NRCS Sage Grouse Initiative funds are made possible by the Farm Bill, authorized in 2008 and 2014 by the United States Congress, including the Wyoming, Idaho and Colorado delegations. 

“This announcement is further testament to the many Colorado communities who have worked hard to develop solutions that benefit producers and local economies, protect the habitat of the Greater sage-grouse, and preserve working landscapes for future generations,” said U.S. Senator Michael Bennet. “When our local leaders can work collaboratively with farmers and ranchers willing to commit their lands, they generate these types of positive outcomes.  This is why we fought to improve and increase funding for conservation programs in the 2014 Farm Bill. Efforts like this help prove that agriculture, wildlife and conservation can coexist across the West.”

In Colorado, the state’s leading conservation groups have identified the water rights, habitat and private agricultural lands in the Upper Colorado River corridor as top priorities for conservation in the state. These ranch lands include habitat for greater sage grouse, elk, deer, pronghorn, bald eagles and a variety of aquatic species, as well as water rights crucial to the health of the river.  The Conservation Fund is playing a lead role with local ranchers along the corridor.  In partnership with the Colorado Headwaters Land Trust, and working along-side the Colorado Cattlemen’s Agricultural Land Trust, over 2,000 acres have been protected in this ongoing effort.

The Conservation Fund has also been an active partner creating sage grouse solutions in Idaho.  By co-founding the Pioneer Alliance, the Fund and its partners helped to protect over 80,000 acres of vital sage grouse habitat in central Idaho with conservation easements. This effort led to national acclimations when the Pioneer Alliance won the U.S. Department of Agriculture Secretary’s Honor Award for Exceptional Service in Partnerships in 2014

In September 2015, the U.S. Fish and Wildlife Service announced the historic decision that greater sage grouse—a bird with a 173-million-acre range in the western United States—does not require protection under the Endangered Species Act. This decision was due in part to the successful conservation efforts that have taken place on private ranchlands over the past several years, and the likelihood that these efforts will continue in the future. 

Highlights of conserved ranchlands

Alexander Property
  • Size: 1,664 acres
  • Location: Within the “Path of the Pronghorn,” the second longest land mammal migration in North America.
  • Features: Contains more than 105 acres of wetlands and 45 glacial “potholes.”
  • Steward of conservation easement: Wyoming Stock Growers Land Trust.
  • Funding sources: NRCS FRPP and Wyoming Wildlife and Natural Resource Trust

Miller Land & Livestock Property (Culbertson Place)
  • Size: 1,531 acres
  • Location: Partly lies within Wyoming's Daniel Sage-Grouse Core Area and adjoins Bureau of Land Management lands and other private lands proposed for conservation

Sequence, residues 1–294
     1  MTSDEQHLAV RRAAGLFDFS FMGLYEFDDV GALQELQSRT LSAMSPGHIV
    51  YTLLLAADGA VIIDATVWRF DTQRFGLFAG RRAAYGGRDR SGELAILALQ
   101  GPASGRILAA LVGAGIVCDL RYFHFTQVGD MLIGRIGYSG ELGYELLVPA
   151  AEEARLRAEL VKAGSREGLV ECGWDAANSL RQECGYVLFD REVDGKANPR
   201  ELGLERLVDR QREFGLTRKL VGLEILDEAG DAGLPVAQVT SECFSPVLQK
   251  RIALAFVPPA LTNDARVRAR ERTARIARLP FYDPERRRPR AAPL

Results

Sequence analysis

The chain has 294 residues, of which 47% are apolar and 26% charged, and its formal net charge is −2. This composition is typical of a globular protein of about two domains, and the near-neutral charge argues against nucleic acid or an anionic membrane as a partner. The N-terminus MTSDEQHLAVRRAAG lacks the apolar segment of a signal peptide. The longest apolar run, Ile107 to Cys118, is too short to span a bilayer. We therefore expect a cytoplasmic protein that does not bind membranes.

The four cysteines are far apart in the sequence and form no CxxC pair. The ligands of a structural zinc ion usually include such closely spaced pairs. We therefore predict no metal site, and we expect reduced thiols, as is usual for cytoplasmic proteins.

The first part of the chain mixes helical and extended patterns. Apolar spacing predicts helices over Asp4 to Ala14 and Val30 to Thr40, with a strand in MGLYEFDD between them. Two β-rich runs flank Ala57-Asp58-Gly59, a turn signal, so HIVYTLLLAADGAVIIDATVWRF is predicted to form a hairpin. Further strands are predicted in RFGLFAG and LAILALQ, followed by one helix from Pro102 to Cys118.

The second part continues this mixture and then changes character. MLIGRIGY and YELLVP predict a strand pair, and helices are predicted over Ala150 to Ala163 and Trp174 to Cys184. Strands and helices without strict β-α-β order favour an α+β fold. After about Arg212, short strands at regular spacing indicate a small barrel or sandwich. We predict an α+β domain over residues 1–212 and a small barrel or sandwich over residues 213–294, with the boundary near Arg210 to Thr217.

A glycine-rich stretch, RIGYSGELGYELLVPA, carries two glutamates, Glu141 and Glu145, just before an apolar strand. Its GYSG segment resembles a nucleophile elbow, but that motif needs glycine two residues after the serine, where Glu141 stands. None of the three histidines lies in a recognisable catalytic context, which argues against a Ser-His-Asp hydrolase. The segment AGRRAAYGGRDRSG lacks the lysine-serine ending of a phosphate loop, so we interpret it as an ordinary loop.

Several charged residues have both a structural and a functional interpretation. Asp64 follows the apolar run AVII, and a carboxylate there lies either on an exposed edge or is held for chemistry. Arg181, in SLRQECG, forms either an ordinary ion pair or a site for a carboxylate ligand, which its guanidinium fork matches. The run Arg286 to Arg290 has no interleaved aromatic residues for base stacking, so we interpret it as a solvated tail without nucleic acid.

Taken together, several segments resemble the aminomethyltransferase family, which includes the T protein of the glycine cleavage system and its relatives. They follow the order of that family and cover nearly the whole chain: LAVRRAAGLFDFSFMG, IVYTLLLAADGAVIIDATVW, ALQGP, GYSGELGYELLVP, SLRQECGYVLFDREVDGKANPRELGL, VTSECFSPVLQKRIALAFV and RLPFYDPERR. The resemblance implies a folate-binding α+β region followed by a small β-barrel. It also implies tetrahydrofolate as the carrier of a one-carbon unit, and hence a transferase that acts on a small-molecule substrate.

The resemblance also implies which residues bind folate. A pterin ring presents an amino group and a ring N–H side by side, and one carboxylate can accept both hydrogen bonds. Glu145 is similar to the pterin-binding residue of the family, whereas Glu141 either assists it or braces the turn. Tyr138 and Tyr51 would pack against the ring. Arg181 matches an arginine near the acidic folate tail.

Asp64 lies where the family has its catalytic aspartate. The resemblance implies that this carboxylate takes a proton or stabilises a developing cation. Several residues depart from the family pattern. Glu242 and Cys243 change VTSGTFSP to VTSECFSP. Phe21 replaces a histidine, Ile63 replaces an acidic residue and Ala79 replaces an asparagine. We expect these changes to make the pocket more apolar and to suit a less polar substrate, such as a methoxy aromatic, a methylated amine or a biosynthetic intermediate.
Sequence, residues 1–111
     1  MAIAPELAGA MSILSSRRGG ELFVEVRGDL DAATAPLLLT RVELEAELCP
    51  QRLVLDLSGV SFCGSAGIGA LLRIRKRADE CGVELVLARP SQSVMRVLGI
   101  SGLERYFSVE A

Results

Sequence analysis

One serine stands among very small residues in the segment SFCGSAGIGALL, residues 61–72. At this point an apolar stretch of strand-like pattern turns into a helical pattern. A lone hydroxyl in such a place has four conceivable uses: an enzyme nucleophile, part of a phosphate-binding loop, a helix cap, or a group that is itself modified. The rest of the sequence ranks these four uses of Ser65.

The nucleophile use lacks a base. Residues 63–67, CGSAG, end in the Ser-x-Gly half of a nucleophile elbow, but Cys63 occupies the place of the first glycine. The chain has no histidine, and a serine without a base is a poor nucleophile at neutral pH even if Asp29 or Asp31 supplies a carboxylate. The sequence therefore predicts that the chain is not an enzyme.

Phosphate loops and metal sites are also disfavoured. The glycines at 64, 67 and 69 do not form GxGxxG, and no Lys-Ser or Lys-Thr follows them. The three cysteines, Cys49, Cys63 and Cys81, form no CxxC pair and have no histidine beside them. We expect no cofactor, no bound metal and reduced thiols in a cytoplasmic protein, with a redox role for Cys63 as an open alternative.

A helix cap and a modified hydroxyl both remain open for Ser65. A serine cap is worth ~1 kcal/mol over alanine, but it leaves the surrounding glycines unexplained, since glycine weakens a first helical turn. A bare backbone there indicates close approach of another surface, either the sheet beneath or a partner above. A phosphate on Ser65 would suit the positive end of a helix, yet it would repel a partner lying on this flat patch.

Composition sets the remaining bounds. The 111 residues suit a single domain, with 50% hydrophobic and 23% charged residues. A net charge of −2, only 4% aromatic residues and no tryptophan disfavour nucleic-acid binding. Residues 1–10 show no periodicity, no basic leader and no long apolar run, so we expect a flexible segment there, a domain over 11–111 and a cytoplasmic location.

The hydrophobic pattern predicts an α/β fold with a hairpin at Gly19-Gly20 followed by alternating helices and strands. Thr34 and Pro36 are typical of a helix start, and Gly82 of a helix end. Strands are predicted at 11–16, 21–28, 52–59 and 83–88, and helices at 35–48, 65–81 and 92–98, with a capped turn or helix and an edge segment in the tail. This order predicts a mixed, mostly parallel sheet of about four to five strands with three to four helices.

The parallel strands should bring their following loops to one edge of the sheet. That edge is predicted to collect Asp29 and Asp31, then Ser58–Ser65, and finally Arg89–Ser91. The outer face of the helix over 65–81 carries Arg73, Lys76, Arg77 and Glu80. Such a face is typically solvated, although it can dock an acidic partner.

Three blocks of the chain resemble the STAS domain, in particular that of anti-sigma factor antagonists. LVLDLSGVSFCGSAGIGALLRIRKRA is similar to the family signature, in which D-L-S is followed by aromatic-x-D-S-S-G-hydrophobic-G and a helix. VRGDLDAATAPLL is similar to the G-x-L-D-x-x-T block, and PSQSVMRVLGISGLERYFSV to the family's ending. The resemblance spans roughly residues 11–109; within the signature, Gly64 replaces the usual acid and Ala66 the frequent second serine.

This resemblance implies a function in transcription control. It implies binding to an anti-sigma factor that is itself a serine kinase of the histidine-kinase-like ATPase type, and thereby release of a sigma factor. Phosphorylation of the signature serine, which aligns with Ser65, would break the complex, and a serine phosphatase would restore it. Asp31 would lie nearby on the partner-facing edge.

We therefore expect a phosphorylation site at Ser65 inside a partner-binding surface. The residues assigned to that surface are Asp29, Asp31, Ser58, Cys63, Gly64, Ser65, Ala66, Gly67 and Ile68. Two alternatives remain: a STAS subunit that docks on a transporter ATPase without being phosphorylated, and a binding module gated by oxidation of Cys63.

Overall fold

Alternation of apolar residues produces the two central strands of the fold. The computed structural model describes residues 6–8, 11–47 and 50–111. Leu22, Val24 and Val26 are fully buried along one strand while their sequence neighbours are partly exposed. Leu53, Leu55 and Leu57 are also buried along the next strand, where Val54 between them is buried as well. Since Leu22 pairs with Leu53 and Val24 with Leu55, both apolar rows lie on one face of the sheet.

• Features: Contains a diverse mix of riparian land along North Beaver Creek, a tributary of the Green River.
  • Steward of conservation easement: Wyoming Stock Growers Land Trust.
  • Funding sources: NRCS FRPP; Wyoming Wildlife and Natural Resource Trust; and The Conservation Fund’s Sage-Grouse Campaign.

Rolling Thunder Ranch Property
  • Size: 3,239 acres
  • Location: Borders the Bridger-Teton National Forest and 12,000 acres of protected ranch land.
  • Features: Contains an important migration corridor on private land for mule deer.
  • Features: Provides habitat for the largest concentration of Shiras Moose in the U.S.
  • Steward of conservation easement: Rocky Mountain Elk Foundation.
  • Funding sources: NRCS FRPP; Wyoming Wildlife and Natural Resource Trust; Rocky Mountain Elk Foundation; The Conservation Fund’s Sage-Grouse Campaign.

Miller Property (The Cabins Ranch)
  • Size: 2,831 acres
  • Location: Along the watershed divide between the upper Snake River and the Upper Green River.
  • Features: Contains an important migration corridor on private land for mule deer.
  • Steward of conservation easement:  Wyoming Stock Growers Land Trust.
  • Funding sources: NRCS FRPP; Wyoming Wildlife and Natural Resource Trust; The Conservation Fund’s Sage-Grouse Campaign.


McElroy Ranch
  • Size: 548 acres
  • Location: At the confluence of the Colorado River, the Blue River, and Muddy Creek, and lies within the Upper Colorado River Special Recreation Management Area.
  • Features: Three miles of the Colorado River and 1.5 miles of Muddy Creek.
  • Steward of conservation easement:  Colorado Headwaters Land Trust.
  • Funding sources: NRCS FRPP; Great Outdoors Colorado; Gates Family Foundation.

About The Conservation Fund
At The Conservation Fund, we make conservation work for America. By creating solutions that make environmental and economic sense, we are redefining conservation to demonstrate its essential role in our future prosperity. Top-ranked for efficiency and effectiveness, we have worked in all 50 states since 1985 to protect more than 7.5 million acres of land.

Release Contact:
Ann Simonelli | The Conservation Fund | (703) 908-5809 | asimonelli@conservationfund.org